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The Captain's Door by [Houghton, C.S.]
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The Captain's Door Kindle Edition

4.3 out of 5 stars 4 customer reviews

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Length: 246 pages Word Wise: Enabled Enhanced Typesetting: Enabled
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Product description

About the Author

C.S. Houghton studied creative writing at Southern Connecticut State University. He enjoys painting, drawing, old cameras, and gardening. The author lives in Connecticut with his adoring wife and their heterochromic dog.

Product details

  • Format: Kindle Edition
  • File Size: 3761 KB
  • Print Length: 246 pages
  • Sold by: Amazon Media EU S.à r.l.
  • Language: English
  • ASIN: B00D4AGOEE
  • Text-to-Speech: Enabled
  • X-Ray:
  • Word Wise: Enabled
  • Screen Reader: Supported
  • Enhanced Typesetting: Enabled
  • Average Customer Review: 4.2 out of 5 stars 4 customer reviews
  • Amazon Bestsellers Rank: #1,108,169 Paid in Kindle Store (See Top 100 Paid in Kindle Store)
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Customer Reviews

4.3 out of 5 stars
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Top Customer Reviews

Format: Kindle Edition
This historical fiction novel is an imaginative story of an older woman trapped in the body of a ten-year-old girl who happens to be the captain of the trading clipper ship named the Transcendent. It is part sea adventure and part fantasy. The captain has been bound to service by the Madame Secretary who turns out to be her mother. Her present bodily state is maintained by a lamp which keeps her body forever young. We have a deep look into the mind of the captain while she is making the big decision, a leap of faith, from the world of the ageless into the real world of aging people.

At first, the story was a little slow. I prefer to know more about the characters from the start and we do learn some things about the captain at the beginning, but it wasn't until about twenty percent into the book that the author divulged the captain's name.

Literary prose abound in the novel, from the flowing description of the government building in Pomin with its massive library to the elaborate dress of the captain to the description of the Captain's Door, a magical device.

The reader is told that the captain is bound to her mother and sister, but I was never sure exactly what that meant. Her sister kept telling the captain that the captain did not understand the situation and, at times, that's exactly how I felt. I wanted to know more. If there is a sequel, perhaps more will be revealed later.

The author shows us the captain's inner conflict as she struggles with her experiences and worries about what the future will hold if she extinguishes the lamp. The captain recalled her previous crews in the lines: "They come and they go. I cry for a while and then go on. My family remains. The door persists." Lines like this evoke sadness, but not empathy.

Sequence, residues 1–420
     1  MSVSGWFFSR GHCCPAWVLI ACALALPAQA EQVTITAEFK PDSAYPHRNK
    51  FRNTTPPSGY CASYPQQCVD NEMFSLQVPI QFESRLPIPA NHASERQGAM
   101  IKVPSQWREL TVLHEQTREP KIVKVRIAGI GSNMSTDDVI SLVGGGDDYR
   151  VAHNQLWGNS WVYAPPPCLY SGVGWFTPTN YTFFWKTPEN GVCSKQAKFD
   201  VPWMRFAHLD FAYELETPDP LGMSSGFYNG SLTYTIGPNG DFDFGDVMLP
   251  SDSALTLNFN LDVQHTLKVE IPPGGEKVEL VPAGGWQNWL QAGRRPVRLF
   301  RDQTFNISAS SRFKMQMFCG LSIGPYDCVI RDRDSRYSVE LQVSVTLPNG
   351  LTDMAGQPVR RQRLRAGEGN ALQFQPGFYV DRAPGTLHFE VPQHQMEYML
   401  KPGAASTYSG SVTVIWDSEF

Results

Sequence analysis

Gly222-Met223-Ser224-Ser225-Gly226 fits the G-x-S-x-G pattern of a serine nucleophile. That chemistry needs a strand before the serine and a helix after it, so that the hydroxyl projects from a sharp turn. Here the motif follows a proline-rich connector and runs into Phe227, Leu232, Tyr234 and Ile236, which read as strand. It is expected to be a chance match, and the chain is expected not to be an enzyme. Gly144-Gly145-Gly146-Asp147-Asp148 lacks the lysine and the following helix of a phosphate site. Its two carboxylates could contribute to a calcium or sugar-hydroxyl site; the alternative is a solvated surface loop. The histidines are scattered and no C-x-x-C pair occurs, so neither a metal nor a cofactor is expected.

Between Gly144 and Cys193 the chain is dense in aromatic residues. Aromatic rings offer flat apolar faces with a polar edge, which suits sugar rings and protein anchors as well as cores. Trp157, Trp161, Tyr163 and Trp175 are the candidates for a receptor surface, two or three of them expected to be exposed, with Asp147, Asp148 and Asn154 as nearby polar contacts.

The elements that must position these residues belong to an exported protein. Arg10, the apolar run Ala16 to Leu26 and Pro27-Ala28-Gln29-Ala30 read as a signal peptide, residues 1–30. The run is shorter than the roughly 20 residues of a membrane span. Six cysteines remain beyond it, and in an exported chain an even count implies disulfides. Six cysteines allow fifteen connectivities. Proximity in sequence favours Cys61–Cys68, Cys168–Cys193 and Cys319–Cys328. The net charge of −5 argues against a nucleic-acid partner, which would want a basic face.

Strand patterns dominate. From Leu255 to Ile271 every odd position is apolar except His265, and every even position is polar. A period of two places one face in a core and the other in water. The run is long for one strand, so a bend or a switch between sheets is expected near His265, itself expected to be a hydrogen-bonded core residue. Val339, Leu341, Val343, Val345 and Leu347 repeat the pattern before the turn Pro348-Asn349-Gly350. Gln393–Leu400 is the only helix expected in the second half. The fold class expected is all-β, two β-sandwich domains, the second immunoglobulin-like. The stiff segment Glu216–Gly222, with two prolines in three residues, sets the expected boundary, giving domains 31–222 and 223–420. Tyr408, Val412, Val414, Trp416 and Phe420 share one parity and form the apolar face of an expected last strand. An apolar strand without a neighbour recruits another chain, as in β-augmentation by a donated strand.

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Format: Paperback
I want this book to be a stronger 4 than it is. The tone of the writing is often beautiful, and there's some interesting ideas in the story that can be very engaging...

But you have to make a firm commitment to it to get all of that. Despite the fast opening, on one of Mina's missions, it then slows down until 35-40% of the way through the book. So don't expect to be engaged in the story until that long- expect to be engaged in the writing. There's a lot of beautiful elements to Houghton's writing, but they're dense- so much so that I found myself slowed down considerably. I'd read a sentence, or a paragraph, and it would take me so long to assimilate the imagery and ideas, that I'd get distracted and return to whatever else was on my "to do" list.

Despite the abundance of details, the world, and most of the characters weren't as realistically fleshed out as it could have been. Mina's relationship with her handler was particularly fascinating.
(This next bit may have mild spoilers, although I think it's already in the description.)

I know some of the other reviewers here didn't particularly care for Mina's family dynamics, and asked WHY her mother was so driven to control her children, and why Mina picked that time to rebel. To be honest, I didn't question it, because I've known people who've grown up in similar families, had similar reactions to the psychological control and abuse. And I've seen their families behave similarly to Mina's mother, when their control is balked. There was a shellshocked quality to Mina and her sister, and an affectionate quality to her mother's violence that rang very real, midst the fantasy.

It felt like there were a lot of plot elements that never got followed up on.
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Format: Kindle Edition
I don't think I've ever found a book so challenging to rate and review. My subjective heart wanted to rate it five stars. My objective head is stuck at four. The reason is this; there is so much about The Captain's Door that is very good, but it could be better. It occupied my mind even when I wasn't reading it for both reasons.

A short breakdown to explain.

Plot: Good. Coming of age story done with a fresh telling and plenty of varietal extras. Some threads remain unresolved though, which suggests there may be a sequel coming.

Characters: All good. Mina Paradis, the central character, is delightfully complex.

Setting: Needs fleshing out. An alternative 19th century Earth that has evolved differently including flourishes of magic, pocket dimensions, immortality torches and the like. Conceptually excellent, but readers need context. I'm fine with the fact that the magic remains unexplained - it's magic after all - but the story behind the magic and some of the settings is missing. There are also some inconsistencies and anachronisms, particularly in the dialogue, that have a tendency to jar the reader out of the story.

Style: Beautiful. Without a doubt, C.S. Houghton is a gifted writer.

Pace: I like a pacey book. I also appreciate a book that isn't afraid to take its time to unfold. Funnily enough, the blurb is almost apologetic about the pace, and unnecessarily so. I wouldn't describe the pace as slow, but measured. Readers who like action-jam on their literary-toast may find it so.

In my opinion, The Captain's Door would have benefited from stronger editorial input. The writing is of such high quality that the little faults become accentuated. In another book, these faults could be easily overlooked, but C.S.
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Most Helpful Customer Reviews on Amazon.com (beta) (May include reviews from Early Reviewer Rewards Program)